A UC Irvine professor's study of President Reagan's speech patterns during the 1980 and 1984 presidential debates purports to show that Reagan's intellectual abilities were less than his opponents and decreased during his first term.
Psychiatrist Louis Gottschalk, who conducted the study, said the results demonstrate the need for "mandatory testing of brain function" for U.S. Presidents.
"The results of our analysis indicate that President Ronald Reagan had significantly higher levels of cognitive impairment (including use of incomplete sentences) than former President Jimmy Carter or former Vice President Walter Mondale," Gottschalk said in announcing the results of the study.
Conclusions Called Bunk
Two of Reagan's close advisers--speech writer Ken Khachigian and political consultant Stu Spencer--immediately characterized Gottschalk's conclusions as bunk.
"I'm sure the professor is a very respected gentleman, but he's treading on thin ice with this one," Khachigian said.
As for requiring a neuropsychological test, "I think (Gottschalk) is crazy," said Spencer, whose relationship with Reagan dates back to the 1966 California gubernatorial race. "If you make all the guys in Congress take the test, you'd lose half the Congress."
Gottschalk was founding chairman of UCI's Department of Psychiatry and Human Behavior in 1967. He helped develop a means of charting impairments in brain function, as demonstrated by a person's use of incomplete sentences, sudden stops in a train of thought and repetition of phrases.
Applying such data as Reagan's Oct. 28, 1980, debate with Carter, the study by Gottschalk and two associates, Regina Uliana and Ronda Gilbert, found that Reagan's impairment scores were significantly higher than Carter's.
Four years later, in the Oct. 7 debate with Mondale, Reagan's scores soared, showing more impairment than they had in 1980. Two weeks later, Reagan's impairment scores decreased substantially, but still remained higher than Mondale's, the study found.
After the Oct. 7 debate, Reagan was widely considered to have done poorly. The man dubbed "The Great Communicator" was kept on the defensive by Mondale, who attacked the President's statements on Social Security and his alleged lack of concern for poor people.
Conservative columnist William F. Buckley, a strong Reagan supporter, wrote at the time that Reagan was "concededly not in top form" for the Oct. 7 debate. But Buckley added that Reagan "hardly earned the contempt being shown for his performance."
Khachigian said Wednesday, "I wouldn't admit it to you on the night of the debate, but all of us were disappointed and discouraged afterward."
He said Reagan was upset during the debate "by what he thought was Mondale's intellectual dishonesty by ascribing to him ill motives on Social Security. . . . He kept wanting to come back to that issue."
Gottschalk, whose study is to be published in the March issue of the magazine Public Administration Review, said fluctuations in levels of intellectual impairment during the debates by all three candidates may have been caused by the stress associated with specific questions.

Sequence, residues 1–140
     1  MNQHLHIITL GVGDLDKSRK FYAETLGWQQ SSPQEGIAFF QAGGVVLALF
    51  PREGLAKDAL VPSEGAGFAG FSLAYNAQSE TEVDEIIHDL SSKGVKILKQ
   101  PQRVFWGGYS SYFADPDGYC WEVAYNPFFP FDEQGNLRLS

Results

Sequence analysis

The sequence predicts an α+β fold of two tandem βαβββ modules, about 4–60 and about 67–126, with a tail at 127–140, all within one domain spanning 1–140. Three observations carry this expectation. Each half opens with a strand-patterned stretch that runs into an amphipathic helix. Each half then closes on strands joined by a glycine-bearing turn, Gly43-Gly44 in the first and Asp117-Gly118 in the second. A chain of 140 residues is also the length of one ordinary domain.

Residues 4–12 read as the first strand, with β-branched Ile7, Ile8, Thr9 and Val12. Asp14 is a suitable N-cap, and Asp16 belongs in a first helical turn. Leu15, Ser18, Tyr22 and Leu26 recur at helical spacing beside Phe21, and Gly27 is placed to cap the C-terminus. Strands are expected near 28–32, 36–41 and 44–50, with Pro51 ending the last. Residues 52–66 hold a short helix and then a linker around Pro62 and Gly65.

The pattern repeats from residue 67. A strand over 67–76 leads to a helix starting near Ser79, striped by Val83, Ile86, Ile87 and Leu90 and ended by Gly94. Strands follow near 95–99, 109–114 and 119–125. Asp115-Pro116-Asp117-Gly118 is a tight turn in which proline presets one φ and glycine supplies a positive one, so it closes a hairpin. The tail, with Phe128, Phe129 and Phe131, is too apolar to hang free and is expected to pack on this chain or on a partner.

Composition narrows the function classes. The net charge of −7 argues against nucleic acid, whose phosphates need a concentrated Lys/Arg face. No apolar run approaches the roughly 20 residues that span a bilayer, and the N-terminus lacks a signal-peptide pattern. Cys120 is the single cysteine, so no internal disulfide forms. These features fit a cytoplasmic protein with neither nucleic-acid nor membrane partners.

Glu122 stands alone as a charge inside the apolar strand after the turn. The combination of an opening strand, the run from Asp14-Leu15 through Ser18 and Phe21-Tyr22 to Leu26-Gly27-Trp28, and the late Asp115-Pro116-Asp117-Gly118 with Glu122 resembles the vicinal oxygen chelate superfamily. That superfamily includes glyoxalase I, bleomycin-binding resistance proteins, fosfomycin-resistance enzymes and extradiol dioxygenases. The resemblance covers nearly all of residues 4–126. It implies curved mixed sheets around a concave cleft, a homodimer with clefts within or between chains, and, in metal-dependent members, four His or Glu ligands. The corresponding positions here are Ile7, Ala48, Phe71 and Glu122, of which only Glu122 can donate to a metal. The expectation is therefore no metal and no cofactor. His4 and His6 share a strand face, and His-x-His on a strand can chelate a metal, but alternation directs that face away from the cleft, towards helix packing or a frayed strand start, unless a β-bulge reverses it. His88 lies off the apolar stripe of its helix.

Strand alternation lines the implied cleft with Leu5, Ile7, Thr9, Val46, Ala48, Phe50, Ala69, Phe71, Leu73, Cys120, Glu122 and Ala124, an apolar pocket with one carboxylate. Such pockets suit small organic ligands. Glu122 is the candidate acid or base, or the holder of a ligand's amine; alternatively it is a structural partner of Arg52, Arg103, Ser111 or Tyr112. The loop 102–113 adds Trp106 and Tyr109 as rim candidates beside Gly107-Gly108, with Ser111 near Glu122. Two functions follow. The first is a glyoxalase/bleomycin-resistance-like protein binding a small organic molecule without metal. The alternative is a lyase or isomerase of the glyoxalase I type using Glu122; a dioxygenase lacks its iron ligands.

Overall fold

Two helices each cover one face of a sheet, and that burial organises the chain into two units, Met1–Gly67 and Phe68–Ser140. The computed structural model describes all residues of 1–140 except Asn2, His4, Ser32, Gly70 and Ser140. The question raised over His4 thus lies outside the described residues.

"Presidents and other government officials usually operate in controlled situations, so their verbal messages are fairly well structured," he said. "Television debates, on the other hand, open them to closer scrutiny and require them to perform extemporaneously, so it is an opportunity to objectively assess how their intellectual capacity reacts to stress.
"An American President doesn't have to be an Einstein, but it seems that some kind of mandatory testing of brain function should be required," Gottschalk said.
He said it would not be a test of IQ or personality, but a neuropsychological test to determine cognitive function and brain dysfunction.
Khachigian, a longtime Reagan speech writer who helped prepare the President for the debates, said Gottschalk's study appeared to be "psychobabble" and "just sounds bizarre to me."
Khachigian said that to conclude from the debates that "candidates ought to submit to some kind of mental urine test in the future" was "dumb."
"Here you had 90 million people watch these debates, and they wind up voting for the President 49 states to one," he said.
"The fact that some scholarly research uncovers impairments that people can't see when they're watching television seems to me ludicrous. I think that in some respects (the professor's proposal) is anti-democratic--the notion that we are going to trust some panel of doctors over the perceptions and interpretations of millions of Americans who have access to the same visual communication that anyone else does. It just smacks to me of 'Brave New World,' '1984' kind of stuff."
No Sign Seen
Spencer, another longtime political consultant to Reagan, said that "I've seen no sign" of any mental deterioration in the President. "He's still got the memory of a computer," Spencer said, although in speaking, "when he's searching for something, he tends to hesitate and tries to put it in good form before he speaks."
Spencer said he last saw Reagan 10 days ago in Washington. "He was in great shape. The man is in great physical condition, good muscle tone, agility as well as alertness."